Today in Labor History – July 1st

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Steel workers in Cleveland begin what was to be an 88-week strike against wage cuts – 1885

Homestead, Pennsylvania steel strike.  Seven strikers and three Pinkertons killed as Andrew Carnegie hires armed thugs to protect strikebreakers – 1892

The Amalgamated Assn. of Iron, Steel and Tin Workers stages what is to become an unsuccessful three-month strike against U.S. Steel Corp. Subsidiaries – 1901

The ILGWU organized a large strike, known as the “Great Revolt” involving 50,000 cloak-makers that lasted through October. Taking their lead from the women, the mostly male cloak-makers won uniform wages, a shorter work week and paid holidays. As a result of the strikes in 1909 and 1910, the ILGWU swelled in membership – 1910

One million railway shopmen strike – 1922

Some 1,100 streetcar workers strike in New Orleans spurring the creation of the po’ boy sandwich by local sandwich shop owners and one-time streetcar men. “Whenever we saw one of the striking men coming,” Bennie Martin later recalled, “one of us would say, ‘Here comes another poor boy.'” Martin and his brother Clovis fed any striker who showed up – 1929

The Hawaiian long shore strike brought together Japanese, Filipino and other ethnic plantation workers into one labor union (ILWU) – 1937

The United Auto Workers (UAW) under the leadership of Walter Reuther, left the AFL, partly because of conflicts between Reuther and AFL president George Meany. Reuther died (was killed?) in a plane crash in 1970, and the UAW did not rejoin the AFL until 1981 – 1968

Nat’l Assn. of Post Office & General Service Maintenance Employees, United Fed. of Postal Clerks, Nat’l Fed. of Post Office Motor Vehicle Employees & Nat’l Assn. of Special Delivery Messengers merge to become American Postal Workers Union – 1971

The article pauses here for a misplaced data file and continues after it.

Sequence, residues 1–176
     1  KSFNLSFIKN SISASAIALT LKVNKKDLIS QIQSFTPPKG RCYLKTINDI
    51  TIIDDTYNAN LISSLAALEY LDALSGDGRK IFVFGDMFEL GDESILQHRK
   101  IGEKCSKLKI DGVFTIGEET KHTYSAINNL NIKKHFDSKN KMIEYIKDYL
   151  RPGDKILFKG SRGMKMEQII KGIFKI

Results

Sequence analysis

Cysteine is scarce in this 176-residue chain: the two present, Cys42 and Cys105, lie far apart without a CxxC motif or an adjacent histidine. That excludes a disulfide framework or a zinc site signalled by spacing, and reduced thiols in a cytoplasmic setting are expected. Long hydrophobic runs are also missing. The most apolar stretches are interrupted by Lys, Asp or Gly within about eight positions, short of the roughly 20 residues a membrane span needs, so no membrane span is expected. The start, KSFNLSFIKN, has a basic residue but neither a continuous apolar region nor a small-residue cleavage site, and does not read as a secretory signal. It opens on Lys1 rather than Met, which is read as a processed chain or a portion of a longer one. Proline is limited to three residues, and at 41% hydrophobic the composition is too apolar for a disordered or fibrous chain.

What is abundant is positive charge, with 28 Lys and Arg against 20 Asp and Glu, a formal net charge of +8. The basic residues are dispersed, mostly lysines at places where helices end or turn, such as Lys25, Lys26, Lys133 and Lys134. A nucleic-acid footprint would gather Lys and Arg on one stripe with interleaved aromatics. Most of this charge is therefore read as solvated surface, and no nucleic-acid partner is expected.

International Jewelry Workers Union merges with Service Employees International Union – 1980

Graphic Arts International Union merges with International Printing & Graphic Communications Union to become Graphic Communications International Union, now a conference of the Teamsters – 1983

Copper miners begin a years-long long, bitter strike against Phelps-Dodge in Clifton, Ariz. Democratic Gov. Bruce Babbitt repeatedly deployed state police and National Guardsmen to assist the company over the course of the strike, which broke the union – 1983

Amalgamated Clothing & Textile Workers Union merges with International Ladies’ Garment Workers Union to form Union of Needletrades, Industrial & Textile Employees – 1995

International Chemical Workers Union merges with United Food & Commercial Workers Int’l Union – 1996

The Newspaper Guild merges with Communications Workers of America – 1997

United American Nurses affiliate with the AFL-CIO – 2001

 

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